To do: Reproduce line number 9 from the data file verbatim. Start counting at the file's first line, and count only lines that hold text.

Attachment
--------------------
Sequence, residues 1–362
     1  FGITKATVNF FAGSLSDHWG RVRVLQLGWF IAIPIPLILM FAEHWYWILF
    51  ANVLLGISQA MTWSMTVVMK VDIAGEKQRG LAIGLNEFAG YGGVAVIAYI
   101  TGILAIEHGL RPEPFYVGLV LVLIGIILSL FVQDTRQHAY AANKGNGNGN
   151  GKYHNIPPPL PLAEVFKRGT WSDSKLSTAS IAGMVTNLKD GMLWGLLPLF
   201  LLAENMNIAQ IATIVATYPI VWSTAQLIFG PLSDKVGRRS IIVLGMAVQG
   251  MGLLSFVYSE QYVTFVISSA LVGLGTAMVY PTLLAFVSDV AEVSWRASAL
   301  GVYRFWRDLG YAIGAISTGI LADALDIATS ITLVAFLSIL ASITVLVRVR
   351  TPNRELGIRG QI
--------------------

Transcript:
   351  TPNRELGIRG QI